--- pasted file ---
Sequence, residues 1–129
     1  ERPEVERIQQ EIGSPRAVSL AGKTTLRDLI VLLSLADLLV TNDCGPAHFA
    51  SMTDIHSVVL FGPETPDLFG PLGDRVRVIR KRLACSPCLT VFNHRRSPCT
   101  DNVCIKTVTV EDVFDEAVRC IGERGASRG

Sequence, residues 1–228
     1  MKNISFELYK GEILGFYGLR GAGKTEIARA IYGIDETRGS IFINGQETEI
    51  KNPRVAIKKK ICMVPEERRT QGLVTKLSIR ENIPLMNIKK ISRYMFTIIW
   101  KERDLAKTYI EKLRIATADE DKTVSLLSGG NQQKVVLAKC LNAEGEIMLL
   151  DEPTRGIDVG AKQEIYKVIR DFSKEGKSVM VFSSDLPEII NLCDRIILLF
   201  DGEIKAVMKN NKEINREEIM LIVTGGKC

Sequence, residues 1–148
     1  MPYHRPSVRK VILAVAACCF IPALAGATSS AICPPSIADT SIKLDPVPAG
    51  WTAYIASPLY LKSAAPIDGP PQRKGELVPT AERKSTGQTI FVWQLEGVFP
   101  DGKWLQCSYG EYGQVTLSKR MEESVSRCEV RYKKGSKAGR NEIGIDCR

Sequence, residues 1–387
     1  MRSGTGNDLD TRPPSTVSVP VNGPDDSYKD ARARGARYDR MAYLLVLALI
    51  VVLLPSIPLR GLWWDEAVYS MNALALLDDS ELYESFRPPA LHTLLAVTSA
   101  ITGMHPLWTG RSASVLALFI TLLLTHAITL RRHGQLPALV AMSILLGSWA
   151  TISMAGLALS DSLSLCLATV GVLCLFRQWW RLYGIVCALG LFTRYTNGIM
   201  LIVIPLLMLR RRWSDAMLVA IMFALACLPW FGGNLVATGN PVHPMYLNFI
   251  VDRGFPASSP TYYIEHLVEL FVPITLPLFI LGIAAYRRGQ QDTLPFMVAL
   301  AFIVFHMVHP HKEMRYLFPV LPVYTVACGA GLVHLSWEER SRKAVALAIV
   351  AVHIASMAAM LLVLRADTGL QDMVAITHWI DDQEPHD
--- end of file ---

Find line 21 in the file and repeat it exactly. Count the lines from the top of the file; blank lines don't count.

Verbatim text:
   251  VDRGFPASSP TYYIEHLVEL FVPITLPLFI LGIAAYRRGQ QDTLPFMVAL